Review: Bissell Crosswave Multi-surface vacuum cleaner
There are two bugbears when it comes to cleaning timber and tiled floors with a conventional bucket and mop. Firstly, the bucket of water with your cleaning solution of choice very quickly becomes dirty, so you wind up cleaning with grubby water that can leave streaks, smears and marks on your floor surface. Secondly, the same water can also spread debris caught by the mop, so that pet hair, grass, cobwebs and assorted mashed bugs cleaned from one area become deposited in another. When floor flotsam such as lego pieces and paperclips are dragged around underneath your mop, the end result can be even worse: scuffed, scored and scratched timbers.
Of course, vacuuming any floor before mopping will go a long way to eliminating both bugbears. But who in their right mind wants to clean a floor, then clean it again?
Enter the Bissell Crosswave Multi-surface, an all-in-one vacuum cleaner and mop designed to clean hard floors, as well as rugs and carpets.
What’s in the box?
With an upright ‘stick’ type vacuum design, the $399 Crosswave comprises a handle that joins with a central base unit and swivel head. Power and rug / hard floor mode controls are located on the base unit, while the head contains a brush roll with soft microfibre for mopping, and bristles for scrubbing and sweeping up dust and dirt. The roller spins at around 3500 rpm, according to Bissell, with collected debris and water sucked up and away into a ‘dirty’ tank at the front of the unit.
This tank collects and stores water separately to the liquid solution you will use to clean your floors. The ‘clean’ tank is at the rear of the main unit, and offers a guide for how much water you need to fill it with, as well as how much cleaning solution you should use. A full tank is claimed to be enough to clean and area of up to 55 m2, and Bissell provides a sample of its own cleaning solution to get you up and cleaning straight of the box. The company claims the solution is safe for use on all sealed hardwood and other sealed hard floors.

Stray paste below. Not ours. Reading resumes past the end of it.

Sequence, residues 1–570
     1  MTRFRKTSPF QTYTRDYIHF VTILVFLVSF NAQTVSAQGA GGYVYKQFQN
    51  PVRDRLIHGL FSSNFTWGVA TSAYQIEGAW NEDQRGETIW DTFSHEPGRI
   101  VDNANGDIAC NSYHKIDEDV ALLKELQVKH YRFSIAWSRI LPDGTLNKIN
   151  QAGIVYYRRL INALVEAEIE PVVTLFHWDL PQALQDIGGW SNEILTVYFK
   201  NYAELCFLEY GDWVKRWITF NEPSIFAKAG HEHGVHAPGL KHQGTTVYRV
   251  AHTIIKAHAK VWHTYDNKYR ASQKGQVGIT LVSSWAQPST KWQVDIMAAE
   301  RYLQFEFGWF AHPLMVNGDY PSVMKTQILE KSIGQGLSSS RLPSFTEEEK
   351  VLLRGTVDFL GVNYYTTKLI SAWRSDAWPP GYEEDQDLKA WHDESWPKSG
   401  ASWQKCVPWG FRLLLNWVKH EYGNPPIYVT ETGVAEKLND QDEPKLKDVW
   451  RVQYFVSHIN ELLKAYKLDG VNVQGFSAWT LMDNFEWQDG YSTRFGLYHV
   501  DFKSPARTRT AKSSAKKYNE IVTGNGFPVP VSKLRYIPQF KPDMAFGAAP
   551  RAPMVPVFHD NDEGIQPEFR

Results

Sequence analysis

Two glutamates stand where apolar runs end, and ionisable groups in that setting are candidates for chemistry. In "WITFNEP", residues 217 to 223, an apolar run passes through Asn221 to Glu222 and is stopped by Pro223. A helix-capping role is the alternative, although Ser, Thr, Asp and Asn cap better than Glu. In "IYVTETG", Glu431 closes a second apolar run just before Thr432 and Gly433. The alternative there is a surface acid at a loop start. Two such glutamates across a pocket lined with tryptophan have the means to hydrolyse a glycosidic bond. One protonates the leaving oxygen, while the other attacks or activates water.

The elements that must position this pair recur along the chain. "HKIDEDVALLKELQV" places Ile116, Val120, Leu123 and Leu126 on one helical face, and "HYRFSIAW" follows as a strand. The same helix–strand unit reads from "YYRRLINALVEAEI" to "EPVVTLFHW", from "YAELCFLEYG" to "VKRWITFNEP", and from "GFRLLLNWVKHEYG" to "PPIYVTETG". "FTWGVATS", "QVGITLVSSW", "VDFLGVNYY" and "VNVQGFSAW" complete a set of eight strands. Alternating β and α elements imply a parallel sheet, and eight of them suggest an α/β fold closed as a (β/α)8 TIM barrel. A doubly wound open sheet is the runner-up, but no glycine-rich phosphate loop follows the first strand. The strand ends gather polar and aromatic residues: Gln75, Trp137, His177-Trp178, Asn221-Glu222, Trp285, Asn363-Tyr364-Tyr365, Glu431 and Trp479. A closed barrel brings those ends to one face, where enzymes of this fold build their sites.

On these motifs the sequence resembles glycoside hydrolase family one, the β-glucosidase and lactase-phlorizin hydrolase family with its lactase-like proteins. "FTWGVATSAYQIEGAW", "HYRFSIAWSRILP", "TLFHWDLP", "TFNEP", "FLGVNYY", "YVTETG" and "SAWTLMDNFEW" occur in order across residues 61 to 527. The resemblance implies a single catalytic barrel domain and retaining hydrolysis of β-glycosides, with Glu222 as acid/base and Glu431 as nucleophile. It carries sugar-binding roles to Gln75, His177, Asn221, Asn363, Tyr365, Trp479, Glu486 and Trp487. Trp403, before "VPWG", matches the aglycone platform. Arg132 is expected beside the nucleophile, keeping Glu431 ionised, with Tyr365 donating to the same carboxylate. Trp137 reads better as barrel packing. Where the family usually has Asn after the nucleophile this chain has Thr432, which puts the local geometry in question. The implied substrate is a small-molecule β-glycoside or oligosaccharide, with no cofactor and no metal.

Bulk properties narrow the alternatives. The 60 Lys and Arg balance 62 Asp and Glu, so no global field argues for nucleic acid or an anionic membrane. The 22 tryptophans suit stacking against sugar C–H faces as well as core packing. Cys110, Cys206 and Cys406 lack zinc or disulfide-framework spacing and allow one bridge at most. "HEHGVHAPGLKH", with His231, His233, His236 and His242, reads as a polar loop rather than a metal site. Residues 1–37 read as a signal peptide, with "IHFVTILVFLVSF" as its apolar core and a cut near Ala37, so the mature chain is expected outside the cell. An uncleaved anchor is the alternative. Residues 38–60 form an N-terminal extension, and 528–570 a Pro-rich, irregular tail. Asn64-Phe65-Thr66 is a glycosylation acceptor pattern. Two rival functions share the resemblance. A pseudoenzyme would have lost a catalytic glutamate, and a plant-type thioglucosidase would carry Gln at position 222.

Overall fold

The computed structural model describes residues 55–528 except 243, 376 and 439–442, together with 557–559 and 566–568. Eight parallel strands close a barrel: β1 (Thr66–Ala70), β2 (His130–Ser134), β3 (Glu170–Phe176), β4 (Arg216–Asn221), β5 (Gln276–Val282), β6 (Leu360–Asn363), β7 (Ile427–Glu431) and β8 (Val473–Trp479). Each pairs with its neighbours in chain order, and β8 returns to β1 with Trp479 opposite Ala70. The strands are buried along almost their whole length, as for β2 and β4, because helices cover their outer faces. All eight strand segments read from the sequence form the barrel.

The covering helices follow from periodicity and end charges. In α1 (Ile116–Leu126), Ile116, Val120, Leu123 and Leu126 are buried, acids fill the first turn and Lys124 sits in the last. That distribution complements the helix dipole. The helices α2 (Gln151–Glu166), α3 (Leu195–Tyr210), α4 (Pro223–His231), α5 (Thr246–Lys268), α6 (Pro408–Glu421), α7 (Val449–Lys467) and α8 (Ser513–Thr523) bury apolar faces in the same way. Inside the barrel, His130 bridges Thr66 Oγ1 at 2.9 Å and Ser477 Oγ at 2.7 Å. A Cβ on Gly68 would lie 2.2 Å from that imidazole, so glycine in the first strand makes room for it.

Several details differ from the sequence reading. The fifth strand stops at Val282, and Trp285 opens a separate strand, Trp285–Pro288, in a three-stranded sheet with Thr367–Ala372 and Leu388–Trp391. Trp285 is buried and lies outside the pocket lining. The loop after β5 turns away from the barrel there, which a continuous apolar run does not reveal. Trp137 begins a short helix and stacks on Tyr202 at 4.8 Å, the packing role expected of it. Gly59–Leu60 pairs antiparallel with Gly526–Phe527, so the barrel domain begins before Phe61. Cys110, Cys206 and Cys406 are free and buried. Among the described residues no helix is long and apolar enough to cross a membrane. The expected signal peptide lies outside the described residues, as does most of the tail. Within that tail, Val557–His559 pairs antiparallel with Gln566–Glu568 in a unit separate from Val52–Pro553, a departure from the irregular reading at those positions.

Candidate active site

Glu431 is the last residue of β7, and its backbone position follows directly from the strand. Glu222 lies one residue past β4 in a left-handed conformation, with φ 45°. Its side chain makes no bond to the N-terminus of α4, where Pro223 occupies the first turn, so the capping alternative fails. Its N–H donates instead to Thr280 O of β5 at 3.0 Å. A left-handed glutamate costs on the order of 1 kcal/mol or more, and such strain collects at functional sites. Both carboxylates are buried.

At switch-on, the biggest surprise was how speedily the brush rotates. The fast action enables quick cleaning of especially soiled areas, so we enjoyed not having to go over the same spot repeatedly. With good suction, water and debris collected in the head was whisked off efficiently too, leaving the floor somewhat drier than it usually appears after conventional sponge mopping. What’s more, the bristles appeared to act gently on the floor surface, making the unit a potentially safer and gentler option than a steam mop for timber floorboards.
The head of the vacuum has a wide swivel motion, so it’s pretty handy for getting into awkward places, such as under tables and stools – just as long as you’re careful to keep the Crosswave upright as you’re doing it. Laying it down flat inhibits the water flow to the head, compromising the mop function.
The Bissell Crosswave is not cordless, so you’ll have to tangle with a power lead as you go about your business. In our reckoning, however, this is a small inconvenience to trade for roller speed enabled by mains power. A quick turn around the rug showed the Crosswave can perform a fresh, light clean and vacuum of soft flooring too, and without any detectable moisture seeping through to the back side of the rug.
The unit comes with a Self Cleaning Tray and a Roll Drying Tray. When you’ve finished cleaning the floor, fill the Self Cleaning Tray with water and place the head on it, then simply turn on the Crosswave to allow the roller to pick up the water and clean itself. It’s quite a genius idea, and when complete, just take out the roller and pace it on the Brush Drying Tray. It will be a good idea to rinse out the two water tanks and and the filter with warm water on a regular basis too.
The Bissell Crosswave is way more expensive than a bucket and mop, but as an appliance that simultaneously vacuums and mops, it can cut the time spent on floor cleaning in half. There’s a lot to like about that.